The ten-second clip where a woman police representative is seen abusing the other woman as a “Nepali whore,” is all in all “gendered, sexist and ethnically discriminatory coupled with questions of national and international identity hinted toward the Nepali speaking community doesn’t matter whether in India or Nepal.
When a woman produced media content with the role of woman police use such profane language as a means to demean and dehumanise another only because doing so might end up making a certain caste and class background of women look more privileged, or culturally sound. (The bigger contextual or moral lessons arising out of this just don’t make sense, if one likes to argue on that front)
Or it could simply mean that this kind of character portrayal and character assassination is something deliberately reinforced upon an ethnically marginalised community whose voices are assumed to be comparably under-represented and unheard. (Need not always be necessarily hinted at the Nepali speaking lot… even so, equal voices need to come along in all those cases as well.)
With changing times, we as a Nepali speaking community no longer only serve in the British or the Indian army as selfless frontline warriors with brainwashed minds and blinded sights in the name of symbolic nationality and patriotism. Our achievements might be many as protectors at the borders, but surely that goes unnoticed.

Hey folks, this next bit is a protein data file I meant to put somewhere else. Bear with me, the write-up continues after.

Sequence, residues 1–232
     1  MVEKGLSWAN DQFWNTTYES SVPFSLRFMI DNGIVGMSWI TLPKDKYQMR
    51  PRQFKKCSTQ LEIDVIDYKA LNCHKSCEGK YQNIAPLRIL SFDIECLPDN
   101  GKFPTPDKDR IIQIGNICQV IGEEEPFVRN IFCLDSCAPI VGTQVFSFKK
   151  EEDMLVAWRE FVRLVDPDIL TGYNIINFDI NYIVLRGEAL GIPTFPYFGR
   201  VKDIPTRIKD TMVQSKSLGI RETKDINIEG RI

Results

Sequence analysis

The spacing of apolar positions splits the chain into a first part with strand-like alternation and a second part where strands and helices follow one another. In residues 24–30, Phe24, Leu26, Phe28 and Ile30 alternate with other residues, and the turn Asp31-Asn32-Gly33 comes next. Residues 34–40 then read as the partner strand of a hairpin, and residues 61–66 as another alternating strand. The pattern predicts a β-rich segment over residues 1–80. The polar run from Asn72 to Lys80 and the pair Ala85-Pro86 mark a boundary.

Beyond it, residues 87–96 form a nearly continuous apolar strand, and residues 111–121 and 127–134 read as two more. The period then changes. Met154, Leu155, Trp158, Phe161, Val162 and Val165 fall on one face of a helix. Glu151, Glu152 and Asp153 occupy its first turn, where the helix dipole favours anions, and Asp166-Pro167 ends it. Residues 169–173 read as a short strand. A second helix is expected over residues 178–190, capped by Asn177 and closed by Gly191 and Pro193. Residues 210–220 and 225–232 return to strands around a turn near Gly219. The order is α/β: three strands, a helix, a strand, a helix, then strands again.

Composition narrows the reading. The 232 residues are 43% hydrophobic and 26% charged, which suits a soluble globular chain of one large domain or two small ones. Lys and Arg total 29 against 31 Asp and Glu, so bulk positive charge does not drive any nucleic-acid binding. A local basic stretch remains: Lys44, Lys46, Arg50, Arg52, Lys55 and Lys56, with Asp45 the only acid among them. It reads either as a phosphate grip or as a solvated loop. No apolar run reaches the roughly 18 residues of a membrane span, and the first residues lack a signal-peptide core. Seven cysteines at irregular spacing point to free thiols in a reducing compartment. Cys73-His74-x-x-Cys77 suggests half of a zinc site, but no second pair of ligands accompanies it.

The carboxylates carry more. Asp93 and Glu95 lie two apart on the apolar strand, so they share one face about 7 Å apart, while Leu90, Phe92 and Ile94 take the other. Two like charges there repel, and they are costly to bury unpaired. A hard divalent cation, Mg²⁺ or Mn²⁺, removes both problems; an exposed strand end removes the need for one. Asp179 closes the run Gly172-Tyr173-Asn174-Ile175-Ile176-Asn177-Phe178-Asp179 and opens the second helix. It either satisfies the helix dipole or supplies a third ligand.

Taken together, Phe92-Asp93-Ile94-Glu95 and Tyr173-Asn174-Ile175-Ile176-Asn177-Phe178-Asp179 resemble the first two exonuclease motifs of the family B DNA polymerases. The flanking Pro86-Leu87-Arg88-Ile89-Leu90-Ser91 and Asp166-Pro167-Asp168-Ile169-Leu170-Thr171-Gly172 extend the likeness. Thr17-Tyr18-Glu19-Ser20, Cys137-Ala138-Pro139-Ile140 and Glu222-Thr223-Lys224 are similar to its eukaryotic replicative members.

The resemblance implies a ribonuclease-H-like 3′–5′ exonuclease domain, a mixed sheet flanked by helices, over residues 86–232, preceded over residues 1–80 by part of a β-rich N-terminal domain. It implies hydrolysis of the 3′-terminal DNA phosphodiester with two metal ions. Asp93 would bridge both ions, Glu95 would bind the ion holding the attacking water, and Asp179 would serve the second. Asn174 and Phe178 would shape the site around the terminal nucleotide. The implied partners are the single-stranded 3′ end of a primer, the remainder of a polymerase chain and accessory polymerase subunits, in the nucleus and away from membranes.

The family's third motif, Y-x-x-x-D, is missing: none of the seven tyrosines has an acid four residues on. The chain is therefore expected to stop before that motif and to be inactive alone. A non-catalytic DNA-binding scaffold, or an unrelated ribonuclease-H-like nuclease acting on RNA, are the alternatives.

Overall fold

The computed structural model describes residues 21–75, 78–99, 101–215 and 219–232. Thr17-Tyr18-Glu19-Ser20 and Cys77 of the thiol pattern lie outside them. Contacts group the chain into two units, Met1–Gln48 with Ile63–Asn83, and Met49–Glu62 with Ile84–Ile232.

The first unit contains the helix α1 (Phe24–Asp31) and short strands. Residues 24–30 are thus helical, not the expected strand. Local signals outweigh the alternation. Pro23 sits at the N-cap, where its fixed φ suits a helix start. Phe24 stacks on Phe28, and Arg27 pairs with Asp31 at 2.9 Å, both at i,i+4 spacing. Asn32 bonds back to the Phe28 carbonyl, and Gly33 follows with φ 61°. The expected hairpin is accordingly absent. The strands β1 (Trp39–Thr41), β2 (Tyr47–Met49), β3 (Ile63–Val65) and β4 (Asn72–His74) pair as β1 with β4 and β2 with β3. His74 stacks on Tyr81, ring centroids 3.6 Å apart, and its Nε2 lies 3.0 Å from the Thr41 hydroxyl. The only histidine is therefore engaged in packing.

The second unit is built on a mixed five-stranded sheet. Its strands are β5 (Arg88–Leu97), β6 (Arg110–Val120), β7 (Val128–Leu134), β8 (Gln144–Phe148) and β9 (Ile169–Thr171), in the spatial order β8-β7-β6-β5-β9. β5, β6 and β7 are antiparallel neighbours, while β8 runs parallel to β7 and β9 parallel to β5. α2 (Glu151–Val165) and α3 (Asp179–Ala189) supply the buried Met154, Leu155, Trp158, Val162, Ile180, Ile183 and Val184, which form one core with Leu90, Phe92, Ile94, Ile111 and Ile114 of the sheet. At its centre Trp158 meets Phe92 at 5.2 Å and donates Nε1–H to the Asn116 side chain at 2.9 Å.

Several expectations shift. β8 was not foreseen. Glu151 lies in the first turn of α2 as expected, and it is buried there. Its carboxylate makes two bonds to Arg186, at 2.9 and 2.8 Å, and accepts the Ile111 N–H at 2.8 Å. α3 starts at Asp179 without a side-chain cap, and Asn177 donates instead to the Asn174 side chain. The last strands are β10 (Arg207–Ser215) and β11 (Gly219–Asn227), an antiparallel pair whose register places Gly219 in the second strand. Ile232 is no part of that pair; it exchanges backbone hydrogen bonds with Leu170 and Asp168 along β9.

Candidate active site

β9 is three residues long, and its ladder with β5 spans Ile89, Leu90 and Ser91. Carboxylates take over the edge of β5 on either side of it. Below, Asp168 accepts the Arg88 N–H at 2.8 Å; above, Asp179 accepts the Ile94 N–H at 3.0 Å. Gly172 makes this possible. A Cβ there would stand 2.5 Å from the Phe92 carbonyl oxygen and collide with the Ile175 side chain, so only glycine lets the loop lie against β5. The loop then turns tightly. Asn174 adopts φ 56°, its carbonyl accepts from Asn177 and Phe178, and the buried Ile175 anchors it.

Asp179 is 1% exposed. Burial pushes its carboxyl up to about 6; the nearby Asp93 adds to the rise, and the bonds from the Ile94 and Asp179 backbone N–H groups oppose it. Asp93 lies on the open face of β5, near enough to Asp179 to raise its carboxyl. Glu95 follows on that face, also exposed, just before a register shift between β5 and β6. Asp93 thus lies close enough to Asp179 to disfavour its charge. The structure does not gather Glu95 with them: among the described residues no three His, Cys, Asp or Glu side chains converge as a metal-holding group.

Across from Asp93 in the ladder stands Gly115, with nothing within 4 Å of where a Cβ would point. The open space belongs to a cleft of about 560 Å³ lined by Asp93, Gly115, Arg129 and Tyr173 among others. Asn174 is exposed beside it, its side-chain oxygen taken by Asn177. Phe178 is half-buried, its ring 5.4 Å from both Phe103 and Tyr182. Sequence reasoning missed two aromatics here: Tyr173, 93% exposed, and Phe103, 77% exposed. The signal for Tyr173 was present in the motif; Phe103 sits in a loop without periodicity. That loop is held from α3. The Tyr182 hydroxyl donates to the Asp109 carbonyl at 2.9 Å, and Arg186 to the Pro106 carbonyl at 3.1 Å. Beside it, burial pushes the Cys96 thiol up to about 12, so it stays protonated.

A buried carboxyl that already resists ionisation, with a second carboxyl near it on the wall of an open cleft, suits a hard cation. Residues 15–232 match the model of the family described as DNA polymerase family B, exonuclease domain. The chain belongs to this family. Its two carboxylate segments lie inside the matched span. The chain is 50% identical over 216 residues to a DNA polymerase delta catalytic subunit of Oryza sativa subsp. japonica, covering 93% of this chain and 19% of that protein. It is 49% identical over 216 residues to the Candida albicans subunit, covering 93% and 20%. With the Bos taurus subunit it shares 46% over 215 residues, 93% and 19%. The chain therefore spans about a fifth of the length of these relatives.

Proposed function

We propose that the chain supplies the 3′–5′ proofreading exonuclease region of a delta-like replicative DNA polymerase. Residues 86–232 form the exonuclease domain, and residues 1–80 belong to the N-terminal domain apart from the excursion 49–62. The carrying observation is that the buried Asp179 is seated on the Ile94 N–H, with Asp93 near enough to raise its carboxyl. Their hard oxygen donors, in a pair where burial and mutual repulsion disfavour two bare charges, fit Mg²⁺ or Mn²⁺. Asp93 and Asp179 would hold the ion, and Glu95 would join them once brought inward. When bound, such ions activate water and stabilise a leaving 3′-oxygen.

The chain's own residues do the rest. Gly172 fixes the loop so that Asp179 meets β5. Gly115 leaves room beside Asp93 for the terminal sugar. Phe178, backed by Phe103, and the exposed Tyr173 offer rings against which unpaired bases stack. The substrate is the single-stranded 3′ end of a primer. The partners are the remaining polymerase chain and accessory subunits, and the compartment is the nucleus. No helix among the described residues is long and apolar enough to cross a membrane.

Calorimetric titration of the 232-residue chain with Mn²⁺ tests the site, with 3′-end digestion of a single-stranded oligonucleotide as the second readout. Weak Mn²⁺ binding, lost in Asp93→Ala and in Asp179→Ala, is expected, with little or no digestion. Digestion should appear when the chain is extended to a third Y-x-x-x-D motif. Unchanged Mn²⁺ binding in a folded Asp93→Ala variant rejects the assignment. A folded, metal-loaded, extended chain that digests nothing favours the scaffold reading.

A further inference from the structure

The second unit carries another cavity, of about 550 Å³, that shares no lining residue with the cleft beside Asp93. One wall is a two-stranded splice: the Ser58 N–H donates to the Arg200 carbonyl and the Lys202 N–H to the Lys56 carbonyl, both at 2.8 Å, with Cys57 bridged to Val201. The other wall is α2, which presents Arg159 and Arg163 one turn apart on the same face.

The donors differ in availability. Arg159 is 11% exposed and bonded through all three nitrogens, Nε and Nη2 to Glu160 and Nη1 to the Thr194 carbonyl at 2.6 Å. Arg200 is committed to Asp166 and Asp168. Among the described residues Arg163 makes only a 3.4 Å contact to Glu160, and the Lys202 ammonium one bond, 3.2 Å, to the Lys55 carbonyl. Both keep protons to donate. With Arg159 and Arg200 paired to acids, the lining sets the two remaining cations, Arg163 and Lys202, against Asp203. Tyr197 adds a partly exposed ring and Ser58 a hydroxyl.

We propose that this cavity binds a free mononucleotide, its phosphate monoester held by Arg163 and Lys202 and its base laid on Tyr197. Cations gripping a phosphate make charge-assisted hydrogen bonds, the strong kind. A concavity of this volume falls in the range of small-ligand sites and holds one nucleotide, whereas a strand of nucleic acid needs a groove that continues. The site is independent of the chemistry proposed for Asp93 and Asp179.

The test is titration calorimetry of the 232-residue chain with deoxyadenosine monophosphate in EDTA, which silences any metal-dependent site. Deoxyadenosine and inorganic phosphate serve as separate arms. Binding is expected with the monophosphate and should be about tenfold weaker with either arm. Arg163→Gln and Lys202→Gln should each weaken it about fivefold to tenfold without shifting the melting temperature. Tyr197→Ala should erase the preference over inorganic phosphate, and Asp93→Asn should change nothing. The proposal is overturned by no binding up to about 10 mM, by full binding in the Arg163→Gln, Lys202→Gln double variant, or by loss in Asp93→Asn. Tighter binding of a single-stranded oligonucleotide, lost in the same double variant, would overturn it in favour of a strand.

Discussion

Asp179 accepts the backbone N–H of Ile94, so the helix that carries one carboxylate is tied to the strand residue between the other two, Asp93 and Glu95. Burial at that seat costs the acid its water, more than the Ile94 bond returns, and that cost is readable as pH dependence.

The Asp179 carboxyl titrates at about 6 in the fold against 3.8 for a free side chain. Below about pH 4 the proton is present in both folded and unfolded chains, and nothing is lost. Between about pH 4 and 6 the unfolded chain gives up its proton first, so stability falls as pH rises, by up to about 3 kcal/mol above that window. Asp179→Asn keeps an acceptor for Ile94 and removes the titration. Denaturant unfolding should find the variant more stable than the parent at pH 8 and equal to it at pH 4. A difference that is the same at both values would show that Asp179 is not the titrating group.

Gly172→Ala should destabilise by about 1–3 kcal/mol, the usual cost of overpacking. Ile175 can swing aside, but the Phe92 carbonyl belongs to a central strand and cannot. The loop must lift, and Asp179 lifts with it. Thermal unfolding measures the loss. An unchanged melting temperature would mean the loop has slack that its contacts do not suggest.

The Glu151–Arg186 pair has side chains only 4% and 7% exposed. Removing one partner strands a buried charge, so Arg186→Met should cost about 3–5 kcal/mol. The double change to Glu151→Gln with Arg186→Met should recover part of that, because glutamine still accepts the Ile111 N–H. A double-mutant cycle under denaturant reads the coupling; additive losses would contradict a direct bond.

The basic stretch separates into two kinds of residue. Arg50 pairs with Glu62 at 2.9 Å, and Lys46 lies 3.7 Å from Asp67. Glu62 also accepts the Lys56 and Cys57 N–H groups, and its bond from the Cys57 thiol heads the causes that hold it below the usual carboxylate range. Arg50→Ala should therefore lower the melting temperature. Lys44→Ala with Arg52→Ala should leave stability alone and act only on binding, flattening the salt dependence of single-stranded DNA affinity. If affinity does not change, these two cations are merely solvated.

On the contrary, as an Indian we have every right to speak our minds and— to dissent, (accepted or not on a positive note is another question) nonetheless, we try as much as anybody else does in the country or globally.
The Nepali speaking community doesn’t always have to be selling momos on the roadside stalls in metros like Delhi, Bangalore or Pune nor our women be only subjected as beauticians or hospitality staff rather we’ve ascended and distinctively are an able part of the— academia, think tanks, corporations, politics, arts & aesthetics, media, sports and entertainment, likewise any other emerging field one can think of—which the mainstream, socially and culturally capitalised society shies away from bringing it to the table.
It’s due to a variety of historical, social and political reasons that our voices remained subjugated and like still those of many other marginalised and disadvantaged communities in India and across continents, we too faced the brunt of oppression.
Establishing one’s political ideology, cultural & religious beliefs, food eating patterns, conformity to social & national laws and policies are few parameters considered to measure one’s identity which comes to my mind, failing which it inevitably produces unhealthy repercussions.
And this isn’t something to be ignored but needs closer understanding and rightful expression.
Putting someone down on the basis of their looks and their alternative orientation towards these upheld ideals is in fact the signs of a regressive society, where women undoubtedly continue to be taken as mere subjects to fulfil men’s carnal and ego-centric needs on and off-screen.